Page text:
Stylish victory for Sox
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After Martinez flummoxed the Padres for eight innings -- he threw 115 pitches in lowering his ERA to 3.98 from 4.40 -- Keith Foulke retired them in order in the ninth for his 12th save.
Martinez's numbers were nearly as impressive April 25, when he blanked the Yankees on four hits and a walk for seven innings in a 2-0 victory. But he seemed more dominant against the Padres, capitalizing on some minor corrections he made in his delivery by studying videotape and working with pitching coach Dave Wallace.
Martinez refined the landing on his delivery, improving his arm slot for his fastball and curveball. Catcher Jason Varitek said the difference was evident.
"With the stuff he threw out there, they had a limited margin for success," Varitek said. "When he needed to make a pitch, he was extremely good."
Martinez, who also benefited from dandy defensive plays by Damon and second baseman Mark Bellhorn, faced his toughest challenge in the fifth inning after Long doubled into the right-field corner leading off. Long advanced to third when Ramon Hernandez flied to right, creating a prime scoring opportunity for the Padres with one out.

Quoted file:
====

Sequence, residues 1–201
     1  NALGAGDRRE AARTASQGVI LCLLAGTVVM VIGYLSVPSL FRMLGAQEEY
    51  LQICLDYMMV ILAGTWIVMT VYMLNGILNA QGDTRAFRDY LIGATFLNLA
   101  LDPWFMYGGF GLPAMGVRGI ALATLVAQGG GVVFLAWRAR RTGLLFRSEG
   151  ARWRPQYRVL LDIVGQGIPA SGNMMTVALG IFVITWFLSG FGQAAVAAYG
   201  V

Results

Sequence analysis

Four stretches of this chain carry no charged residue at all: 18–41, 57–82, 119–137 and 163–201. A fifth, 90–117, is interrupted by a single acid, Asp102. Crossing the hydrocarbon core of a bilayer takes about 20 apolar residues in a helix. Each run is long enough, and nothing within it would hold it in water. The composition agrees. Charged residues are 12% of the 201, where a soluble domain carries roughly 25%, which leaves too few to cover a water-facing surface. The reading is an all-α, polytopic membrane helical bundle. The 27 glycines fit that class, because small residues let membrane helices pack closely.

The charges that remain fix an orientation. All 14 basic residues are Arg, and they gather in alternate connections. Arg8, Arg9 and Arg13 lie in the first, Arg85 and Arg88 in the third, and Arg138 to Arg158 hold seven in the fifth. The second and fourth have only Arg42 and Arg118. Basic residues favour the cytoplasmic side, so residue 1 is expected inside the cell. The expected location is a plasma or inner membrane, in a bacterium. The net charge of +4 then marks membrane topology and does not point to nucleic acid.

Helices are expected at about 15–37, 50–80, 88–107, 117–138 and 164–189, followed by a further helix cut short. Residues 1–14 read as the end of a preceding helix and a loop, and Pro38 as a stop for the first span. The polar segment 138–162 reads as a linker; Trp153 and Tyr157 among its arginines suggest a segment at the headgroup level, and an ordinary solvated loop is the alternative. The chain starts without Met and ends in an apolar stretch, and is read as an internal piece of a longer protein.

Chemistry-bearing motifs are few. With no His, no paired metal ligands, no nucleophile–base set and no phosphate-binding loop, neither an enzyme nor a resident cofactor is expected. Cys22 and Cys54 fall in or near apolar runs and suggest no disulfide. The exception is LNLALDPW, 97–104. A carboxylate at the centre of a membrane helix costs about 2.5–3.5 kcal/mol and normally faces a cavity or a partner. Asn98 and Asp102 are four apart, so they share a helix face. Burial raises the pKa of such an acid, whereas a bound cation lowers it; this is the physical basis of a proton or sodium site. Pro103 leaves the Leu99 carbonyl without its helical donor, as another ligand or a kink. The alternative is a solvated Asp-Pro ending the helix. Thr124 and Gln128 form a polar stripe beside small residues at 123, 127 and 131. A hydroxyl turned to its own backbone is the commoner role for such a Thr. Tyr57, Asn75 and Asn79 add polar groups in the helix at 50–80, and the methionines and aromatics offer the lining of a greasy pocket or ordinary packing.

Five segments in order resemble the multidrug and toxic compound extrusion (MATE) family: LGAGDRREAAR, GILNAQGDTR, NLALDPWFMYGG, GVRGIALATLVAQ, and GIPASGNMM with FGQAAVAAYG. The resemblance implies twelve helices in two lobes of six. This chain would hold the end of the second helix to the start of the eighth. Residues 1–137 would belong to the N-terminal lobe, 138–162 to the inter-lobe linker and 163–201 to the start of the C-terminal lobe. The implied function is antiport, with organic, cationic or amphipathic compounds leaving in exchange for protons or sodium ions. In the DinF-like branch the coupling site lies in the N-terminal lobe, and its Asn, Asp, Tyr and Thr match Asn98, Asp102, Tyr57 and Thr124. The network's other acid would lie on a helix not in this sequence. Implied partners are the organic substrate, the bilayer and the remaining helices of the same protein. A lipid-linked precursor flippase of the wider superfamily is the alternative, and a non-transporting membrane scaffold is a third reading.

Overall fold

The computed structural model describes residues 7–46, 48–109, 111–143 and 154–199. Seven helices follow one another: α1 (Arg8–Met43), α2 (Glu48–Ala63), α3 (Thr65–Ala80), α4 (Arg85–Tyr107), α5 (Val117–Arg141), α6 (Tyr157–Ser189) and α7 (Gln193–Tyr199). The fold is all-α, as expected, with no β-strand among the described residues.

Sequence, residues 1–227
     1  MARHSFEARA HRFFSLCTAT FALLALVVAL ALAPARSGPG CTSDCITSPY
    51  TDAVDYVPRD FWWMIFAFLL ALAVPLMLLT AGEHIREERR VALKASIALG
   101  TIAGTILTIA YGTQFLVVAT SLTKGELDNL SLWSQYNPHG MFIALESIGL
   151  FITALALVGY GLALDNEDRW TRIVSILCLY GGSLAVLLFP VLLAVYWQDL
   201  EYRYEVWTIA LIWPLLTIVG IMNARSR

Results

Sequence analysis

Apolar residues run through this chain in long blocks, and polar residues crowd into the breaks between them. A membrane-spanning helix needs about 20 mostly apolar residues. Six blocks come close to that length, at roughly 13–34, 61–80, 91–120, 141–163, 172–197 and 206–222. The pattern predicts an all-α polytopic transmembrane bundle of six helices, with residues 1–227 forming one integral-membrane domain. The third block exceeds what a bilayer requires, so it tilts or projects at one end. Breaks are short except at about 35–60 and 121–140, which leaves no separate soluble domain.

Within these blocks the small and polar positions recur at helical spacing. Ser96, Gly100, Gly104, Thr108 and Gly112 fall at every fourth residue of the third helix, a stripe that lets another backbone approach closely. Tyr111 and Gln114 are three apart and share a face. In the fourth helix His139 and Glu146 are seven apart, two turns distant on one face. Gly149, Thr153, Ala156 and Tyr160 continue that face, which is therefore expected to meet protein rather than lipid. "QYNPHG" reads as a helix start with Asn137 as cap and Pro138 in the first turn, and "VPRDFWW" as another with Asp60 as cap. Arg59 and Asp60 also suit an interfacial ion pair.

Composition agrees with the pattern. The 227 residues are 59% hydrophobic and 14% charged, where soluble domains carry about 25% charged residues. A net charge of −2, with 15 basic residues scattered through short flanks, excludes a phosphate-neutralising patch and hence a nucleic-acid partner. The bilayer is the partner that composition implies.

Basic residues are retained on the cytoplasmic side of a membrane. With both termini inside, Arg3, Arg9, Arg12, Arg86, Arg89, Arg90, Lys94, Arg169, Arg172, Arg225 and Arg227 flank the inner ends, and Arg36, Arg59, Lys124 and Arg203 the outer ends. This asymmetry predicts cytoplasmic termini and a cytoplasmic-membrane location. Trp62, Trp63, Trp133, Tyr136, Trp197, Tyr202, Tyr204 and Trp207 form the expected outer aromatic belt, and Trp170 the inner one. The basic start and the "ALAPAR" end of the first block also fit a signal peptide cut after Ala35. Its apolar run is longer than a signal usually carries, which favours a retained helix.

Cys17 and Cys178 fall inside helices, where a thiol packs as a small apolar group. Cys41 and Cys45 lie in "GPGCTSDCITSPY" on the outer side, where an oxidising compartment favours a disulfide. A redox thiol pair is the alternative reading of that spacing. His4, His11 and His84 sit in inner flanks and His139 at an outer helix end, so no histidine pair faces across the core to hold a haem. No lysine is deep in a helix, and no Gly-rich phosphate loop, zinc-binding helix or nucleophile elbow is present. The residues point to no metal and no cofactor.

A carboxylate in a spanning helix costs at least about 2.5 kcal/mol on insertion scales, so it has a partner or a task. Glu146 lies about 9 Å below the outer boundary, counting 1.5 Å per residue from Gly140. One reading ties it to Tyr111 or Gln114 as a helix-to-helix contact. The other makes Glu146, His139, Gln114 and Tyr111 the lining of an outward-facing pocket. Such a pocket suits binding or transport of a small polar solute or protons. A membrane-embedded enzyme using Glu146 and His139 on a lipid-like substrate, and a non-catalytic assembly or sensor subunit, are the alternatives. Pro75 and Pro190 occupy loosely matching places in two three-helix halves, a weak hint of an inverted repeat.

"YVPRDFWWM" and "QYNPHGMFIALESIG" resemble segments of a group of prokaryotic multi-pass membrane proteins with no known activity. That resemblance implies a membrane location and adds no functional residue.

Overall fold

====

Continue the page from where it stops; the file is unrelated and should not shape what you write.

At that, the Sox drew the infield in, which allowed Bellhorn to hold Long at third when Kerry Robinson grounded out. Martinez then escaped by getting Khalil Greene flailing at a 94-mile-an-hour heater en route to retiring the last 12 batters he faced.
But even in flashing some of his vintage brilliance, Martinez seemed unsatisfied.
"It seems like it was a great game," he said. "It was a game anybody could dream of. But you know what? I'm not going to sit on this one. I'm going to go and watch my videos, go back to the bullpen and do the things I have been doing to get better."
Martinez needed to be at his best since San Diego starter David Wells held the Sox scoreless for 5 2/3 innings, scattering six hits, walking none and striking out two. But the Sox capitalized against the San Diego pen, with Kapler doubling off former Yankee Antonio Osuna and Damon doing his damage against Akinori Otsuka.
The Padres summoned Otsuka, who was holding opponents to a .144 batting average and had struck out 34 batters in 28 1/3 innings, specifically to face Damon. But Damon, who leads the Sox with a .351 batting average with runners in scoring position, delivered again.
"Last year, I was the weak link on the team," he said. "I'm just trying to pull my weight."
Caveman-style or not.
© Copyright 2004 Globe Newspaper Company.